The winning thesis will be awarded a £1,000 cash prize, a full VE-Pro software licence for one year and a place on one of our 3-day public training events. Two runners up will receive a £250 cash prize, also sponsored by IES.
Watch out for details of this year’s winning submissions appearing on the CIBSE Building Simulation Group Award page after tomorrow’s event, where you can also read more about previous winners of this prestigious student award. Any students interested in entering next year’s awards should also watch out for details of the next challenge being posted on the CIBSE BSG Award page in due course.
In a recent interview with Leah Wimpenny of BIM Journal, IES’ Sarah Graham shared her latest thoughts and insight on the various shortcomings, strategies and approaches to BIM. Read on to see what she had to say…
Sarah Graham (Head of Global VE Sales) works for IES, a world leader in 3D performance analysis software used to design tens of thousands of energy efficient buildings across the globe. The technology IES uses is helping to create sustainable cities and is leading the way with its BIM4Analysis solutions.
Her expertise lies in the areas of BIM and the positive impact it can have on a design process, low energy efficiency, collaborative working, sustainable design, assessment and energy management. She provides her clients with expert knowledge and advice, specialist modelling and simulation on a diverse range of projects including archive buildings, schools, offices, hotels and leisure facilities.
Regarding the present BIM landscape, what do you feel are some of the shortcomings of traditional, closed BIM, and do you feel that a more open, transparent and collaborative approach based on open standards and workflows can resolve some of these concerns?
Many practitioners consider BIM to be a tool, an application, when in fact BIM refers to an environment within which various tools and processes are applied. It has been easier for organizations to invest in technology to ‘do BIM’ than to affect the sort of organizational change that true BIM exploitation requires.
Is there sufficient understanding, appetite and momentum within the industry for the scale of change required to fully exploit BIM? There is a mandate but few construction clients who understand their role in setting out their Information Requirements (EIR) in a BIM brief at the start of the project and are led by the industry and their suppliers into paying more for 3D models that are of very little value downstream, particularly from an FM perspective. What we see is ‘new’ technology shoehorned into existing process and that is the fundamental issue currently causing frustration amongst our customers.
A more open, transparent and collaborative approach based on open standards and workflows can certainly resolve some of these concerns, and it is something we’ve been pushing for some time now with our BIM4Analysis educational campaign. BIM4Analysis is a campaign designed to integrate analysis within the BIM process, this enables practitioners to take advantage of valuable information during design, commissioning and operation. The strategy is concerned with implementing BIM as a mechanism to deliver Value, Cost and Carbon Improvement on all projects.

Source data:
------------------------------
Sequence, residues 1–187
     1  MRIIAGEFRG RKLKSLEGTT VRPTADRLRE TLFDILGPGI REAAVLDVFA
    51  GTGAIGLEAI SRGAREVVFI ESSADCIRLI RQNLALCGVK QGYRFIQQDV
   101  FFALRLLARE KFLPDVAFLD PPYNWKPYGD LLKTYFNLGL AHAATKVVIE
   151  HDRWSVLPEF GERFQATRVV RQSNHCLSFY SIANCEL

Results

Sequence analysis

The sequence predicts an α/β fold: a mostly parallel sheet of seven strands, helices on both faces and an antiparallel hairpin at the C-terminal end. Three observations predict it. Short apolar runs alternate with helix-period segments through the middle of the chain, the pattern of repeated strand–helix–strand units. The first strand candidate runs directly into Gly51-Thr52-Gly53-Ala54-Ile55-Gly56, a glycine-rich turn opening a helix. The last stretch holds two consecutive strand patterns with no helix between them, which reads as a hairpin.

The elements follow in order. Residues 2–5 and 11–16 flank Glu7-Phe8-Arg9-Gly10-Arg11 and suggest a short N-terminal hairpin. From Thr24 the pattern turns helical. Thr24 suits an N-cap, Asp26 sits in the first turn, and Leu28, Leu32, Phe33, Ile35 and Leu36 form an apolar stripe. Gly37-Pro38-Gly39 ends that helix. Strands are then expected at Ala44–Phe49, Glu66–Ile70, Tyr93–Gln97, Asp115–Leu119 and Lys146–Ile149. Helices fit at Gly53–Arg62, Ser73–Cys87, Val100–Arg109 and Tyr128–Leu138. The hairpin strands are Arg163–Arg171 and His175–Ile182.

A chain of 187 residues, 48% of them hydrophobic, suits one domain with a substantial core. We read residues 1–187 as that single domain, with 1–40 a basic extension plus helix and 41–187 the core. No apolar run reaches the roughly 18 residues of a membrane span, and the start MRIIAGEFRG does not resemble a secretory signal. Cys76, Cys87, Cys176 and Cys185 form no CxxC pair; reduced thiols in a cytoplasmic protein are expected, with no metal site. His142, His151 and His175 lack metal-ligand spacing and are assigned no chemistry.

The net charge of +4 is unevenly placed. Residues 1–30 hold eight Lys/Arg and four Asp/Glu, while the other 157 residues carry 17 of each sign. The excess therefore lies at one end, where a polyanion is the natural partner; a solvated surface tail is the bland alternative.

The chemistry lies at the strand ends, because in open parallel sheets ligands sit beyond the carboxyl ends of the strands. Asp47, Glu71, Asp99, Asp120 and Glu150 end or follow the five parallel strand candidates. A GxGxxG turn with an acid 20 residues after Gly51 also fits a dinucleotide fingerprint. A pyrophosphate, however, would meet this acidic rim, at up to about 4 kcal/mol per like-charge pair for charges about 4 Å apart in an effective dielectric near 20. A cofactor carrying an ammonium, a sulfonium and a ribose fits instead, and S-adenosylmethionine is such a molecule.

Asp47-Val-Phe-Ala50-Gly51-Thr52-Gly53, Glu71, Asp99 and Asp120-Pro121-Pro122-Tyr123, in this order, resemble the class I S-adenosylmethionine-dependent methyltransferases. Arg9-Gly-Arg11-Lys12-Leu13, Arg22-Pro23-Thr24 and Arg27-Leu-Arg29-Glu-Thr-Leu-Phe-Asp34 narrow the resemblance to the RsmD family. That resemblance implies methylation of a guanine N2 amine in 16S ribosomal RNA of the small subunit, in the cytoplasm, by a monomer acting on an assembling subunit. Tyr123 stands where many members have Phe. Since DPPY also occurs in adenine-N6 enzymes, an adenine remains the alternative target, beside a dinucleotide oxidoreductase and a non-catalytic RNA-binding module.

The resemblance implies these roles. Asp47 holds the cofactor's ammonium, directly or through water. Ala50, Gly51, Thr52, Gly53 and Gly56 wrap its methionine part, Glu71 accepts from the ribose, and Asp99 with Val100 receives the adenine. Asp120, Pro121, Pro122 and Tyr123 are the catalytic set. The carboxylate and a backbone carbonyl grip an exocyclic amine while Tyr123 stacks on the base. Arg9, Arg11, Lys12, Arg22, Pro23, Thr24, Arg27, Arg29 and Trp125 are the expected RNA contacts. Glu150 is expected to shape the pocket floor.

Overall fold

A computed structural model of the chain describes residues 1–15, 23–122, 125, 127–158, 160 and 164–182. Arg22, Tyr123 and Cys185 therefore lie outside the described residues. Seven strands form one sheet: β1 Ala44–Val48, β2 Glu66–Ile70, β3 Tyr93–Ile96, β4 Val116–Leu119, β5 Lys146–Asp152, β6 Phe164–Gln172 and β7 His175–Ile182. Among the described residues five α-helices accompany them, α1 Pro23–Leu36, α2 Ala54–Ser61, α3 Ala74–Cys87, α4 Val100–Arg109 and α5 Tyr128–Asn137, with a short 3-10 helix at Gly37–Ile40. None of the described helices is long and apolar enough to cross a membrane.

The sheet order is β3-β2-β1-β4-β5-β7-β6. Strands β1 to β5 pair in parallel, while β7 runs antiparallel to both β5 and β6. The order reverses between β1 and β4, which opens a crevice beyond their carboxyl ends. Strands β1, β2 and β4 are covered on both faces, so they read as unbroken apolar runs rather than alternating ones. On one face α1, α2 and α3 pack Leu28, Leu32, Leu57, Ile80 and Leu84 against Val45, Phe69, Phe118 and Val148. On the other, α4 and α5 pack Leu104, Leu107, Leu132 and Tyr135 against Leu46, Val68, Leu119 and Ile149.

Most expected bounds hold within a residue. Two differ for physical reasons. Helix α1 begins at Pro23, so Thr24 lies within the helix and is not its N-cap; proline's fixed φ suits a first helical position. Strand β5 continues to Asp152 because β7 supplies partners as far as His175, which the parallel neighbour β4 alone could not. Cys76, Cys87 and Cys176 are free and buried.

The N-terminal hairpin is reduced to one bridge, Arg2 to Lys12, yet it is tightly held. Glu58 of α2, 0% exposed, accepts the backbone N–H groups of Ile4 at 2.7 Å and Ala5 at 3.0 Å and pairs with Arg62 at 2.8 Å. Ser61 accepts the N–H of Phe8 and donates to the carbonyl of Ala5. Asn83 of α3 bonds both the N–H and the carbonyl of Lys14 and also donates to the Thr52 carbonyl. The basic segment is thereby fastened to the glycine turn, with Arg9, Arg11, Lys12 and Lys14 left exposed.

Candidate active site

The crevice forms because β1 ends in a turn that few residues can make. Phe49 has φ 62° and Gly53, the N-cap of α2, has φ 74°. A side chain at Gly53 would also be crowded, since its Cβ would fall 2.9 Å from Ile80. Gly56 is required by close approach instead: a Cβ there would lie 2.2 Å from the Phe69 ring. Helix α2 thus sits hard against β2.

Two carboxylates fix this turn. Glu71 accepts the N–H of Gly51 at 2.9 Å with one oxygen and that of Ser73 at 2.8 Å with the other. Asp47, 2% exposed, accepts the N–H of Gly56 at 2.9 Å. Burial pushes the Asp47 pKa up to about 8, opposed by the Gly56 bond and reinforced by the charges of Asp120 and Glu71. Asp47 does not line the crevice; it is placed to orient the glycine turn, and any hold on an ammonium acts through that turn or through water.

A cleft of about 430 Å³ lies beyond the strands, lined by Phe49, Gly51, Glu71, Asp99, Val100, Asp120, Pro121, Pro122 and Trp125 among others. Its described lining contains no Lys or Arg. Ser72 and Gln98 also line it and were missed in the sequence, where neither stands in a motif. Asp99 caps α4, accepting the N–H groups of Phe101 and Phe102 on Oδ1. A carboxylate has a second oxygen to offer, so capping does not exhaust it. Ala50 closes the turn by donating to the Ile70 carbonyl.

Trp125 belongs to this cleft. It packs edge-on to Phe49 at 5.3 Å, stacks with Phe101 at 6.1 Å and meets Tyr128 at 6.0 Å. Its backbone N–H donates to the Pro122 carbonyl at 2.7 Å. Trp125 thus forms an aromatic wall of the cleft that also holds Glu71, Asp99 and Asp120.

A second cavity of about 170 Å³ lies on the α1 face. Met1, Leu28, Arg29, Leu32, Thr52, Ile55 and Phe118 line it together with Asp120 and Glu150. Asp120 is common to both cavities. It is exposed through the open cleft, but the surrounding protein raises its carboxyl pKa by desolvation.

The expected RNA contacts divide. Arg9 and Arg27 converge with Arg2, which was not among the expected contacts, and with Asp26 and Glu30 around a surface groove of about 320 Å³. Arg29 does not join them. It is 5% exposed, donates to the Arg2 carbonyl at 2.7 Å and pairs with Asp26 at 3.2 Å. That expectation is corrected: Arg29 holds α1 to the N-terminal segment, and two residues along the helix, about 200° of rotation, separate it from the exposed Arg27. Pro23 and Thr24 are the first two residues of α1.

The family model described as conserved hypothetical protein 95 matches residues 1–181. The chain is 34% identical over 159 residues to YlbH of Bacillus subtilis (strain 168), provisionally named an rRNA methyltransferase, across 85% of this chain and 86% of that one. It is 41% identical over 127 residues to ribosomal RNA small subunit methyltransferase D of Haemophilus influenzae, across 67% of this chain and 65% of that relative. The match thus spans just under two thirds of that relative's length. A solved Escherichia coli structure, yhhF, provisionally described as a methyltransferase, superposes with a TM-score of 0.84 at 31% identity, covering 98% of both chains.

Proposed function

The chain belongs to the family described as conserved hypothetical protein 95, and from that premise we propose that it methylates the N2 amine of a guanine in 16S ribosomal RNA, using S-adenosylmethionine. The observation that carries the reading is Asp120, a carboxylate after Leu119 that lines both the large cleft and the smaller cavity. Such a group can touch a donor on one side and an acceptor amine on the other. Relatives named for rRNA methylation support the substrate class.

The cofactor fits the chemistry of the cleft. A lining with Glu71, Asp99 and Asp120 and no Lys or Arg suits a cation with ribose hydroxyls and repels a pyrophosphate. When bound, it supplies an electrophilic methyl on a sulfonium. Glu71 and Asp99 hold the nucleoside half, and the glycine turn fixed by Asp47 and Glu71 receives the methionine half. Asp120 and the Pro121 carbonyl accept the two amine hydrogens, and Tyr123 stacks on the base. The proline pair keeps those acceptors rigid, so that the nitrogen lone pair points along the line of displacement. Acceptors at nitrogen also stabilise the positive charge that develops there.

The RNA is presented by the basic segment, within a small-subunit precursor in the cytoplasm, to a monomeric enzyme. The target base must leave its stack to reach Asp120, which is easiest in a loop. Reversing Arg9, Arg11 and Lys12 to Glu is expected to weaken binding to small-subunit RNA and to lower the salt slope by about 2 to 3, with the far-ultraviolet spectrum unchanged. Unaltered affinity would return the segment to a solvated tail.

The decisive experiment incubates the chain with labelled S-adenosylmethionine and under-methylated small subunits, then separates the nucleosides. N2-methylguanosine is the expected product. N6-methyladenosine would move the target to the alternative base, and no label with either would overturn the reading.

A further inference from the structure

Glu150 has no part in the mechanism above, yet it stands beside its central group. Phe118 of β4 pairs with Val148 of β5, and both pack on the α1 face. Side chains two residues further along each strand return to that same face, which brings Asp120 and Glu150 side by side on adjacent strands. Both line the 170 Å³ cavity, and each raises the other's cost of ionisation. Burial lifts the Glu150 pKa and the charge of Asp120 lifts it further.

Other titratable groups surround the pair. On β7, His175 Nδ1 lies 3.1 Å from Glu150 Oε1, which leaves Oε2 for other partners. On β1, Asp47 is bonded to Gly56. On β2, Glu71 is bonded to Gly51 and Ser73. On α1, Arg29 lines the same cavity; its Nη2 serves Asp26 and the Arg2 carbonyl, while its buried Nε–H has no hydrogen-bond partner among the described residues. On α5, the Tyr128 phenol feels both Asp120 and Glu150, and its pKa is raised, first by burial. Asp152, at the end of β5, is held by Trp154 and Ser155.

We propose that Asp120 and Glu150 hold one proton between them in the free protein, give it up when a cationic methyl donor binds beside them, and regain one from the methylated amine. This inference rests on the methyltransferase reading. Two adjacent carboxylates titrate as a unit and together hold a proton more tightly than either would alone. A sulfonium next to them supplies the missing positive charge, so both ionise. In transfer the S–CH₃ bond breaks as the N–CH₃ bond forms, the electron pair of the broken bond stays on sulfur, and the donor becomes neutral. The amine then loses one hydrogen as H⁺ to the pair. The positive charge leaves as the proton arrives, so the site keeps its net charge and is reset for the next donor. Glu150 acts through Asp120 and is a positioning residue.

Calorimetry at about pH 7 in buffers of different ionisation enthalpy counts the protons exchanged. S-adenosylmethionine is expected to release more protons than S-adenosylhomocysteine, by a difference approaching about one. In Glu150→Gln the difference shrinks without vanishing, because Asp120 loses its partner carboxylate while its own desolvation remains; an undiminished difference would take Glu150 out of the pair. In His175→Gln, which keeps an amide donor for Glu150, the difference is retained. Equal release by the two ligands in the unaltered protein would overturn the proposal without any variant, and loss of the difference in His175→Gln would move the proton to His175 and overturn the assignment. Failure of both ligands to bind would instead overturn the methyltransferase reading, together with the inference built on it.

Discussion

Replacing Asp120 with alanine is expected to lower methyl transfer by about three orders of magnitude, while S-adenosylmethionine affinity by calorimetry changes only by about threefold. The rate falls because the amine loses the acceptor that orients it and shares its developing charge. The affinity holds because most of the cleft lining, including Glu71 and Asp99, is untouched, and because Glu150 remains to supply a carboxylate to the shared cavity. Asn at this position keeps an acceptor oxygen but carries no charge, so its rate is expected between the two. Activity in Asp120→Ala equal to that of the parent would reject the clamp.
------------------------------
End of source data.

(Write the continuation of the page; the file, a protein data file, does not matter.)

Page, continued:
What benefits can see you a transparent and collaborative workflow, with a common language and translation, bringing to construction projects, both in comparison to those already utilizing BIM and also those which are perhaps not.
The Holy Grail is a single workflow. From an engineering perspective this means engineers inputting information into a 3D model format to inform coordination. When the coordinated layout changes, the update is seamless and bi-directional, there is currently no robust solution on the market to facilitate this. Engineer’s use a mix of formats including spreadsheets and standalone analysis and some integrated analysis (eg MagiCAD).
At IES we consider the VE as a single platform for creation and capture of performance data useable and useful during design, commissioning and operational life of the building. Compliance (Part L, BREEAM, LEED) is a necessity on most projects. Currently this requires a separate workflow to Design. Our solution is to develop a single analysis model from the BIM model at the appropriate stages of the project and to run the calculations from that one ‘analysis’ model, thus ensuring that the designers are using the most up to date information.
When the design changes, the BIM model is again imported with the relevant data and the various calculations are run again with results sent back to the BIM models. When the project is set up for collaboration and the process is understood it becomes easier.
What limitations or challenges might you also see stemming from collaborative workflow, and can you see this means of working being one to stunt creativity and relationship development, or perhaps complement it in the alternative means of working, with clear controls over personal design data?
I think the benefits far outweigh the limitations, elsewhere we see exponential advantages when technology enables connection of different applications. Collaboration between project stakeholders facilitated by technology within a framework where roles, responsibilities and timescales are transparent is where we should already be.
How do you see openBIM altering the landscape with relevance to small and medium enterprises, the alteration or boundaries to entry, and potentially increased competition from smaller software vendors and the impacts of this on those already-established core brands?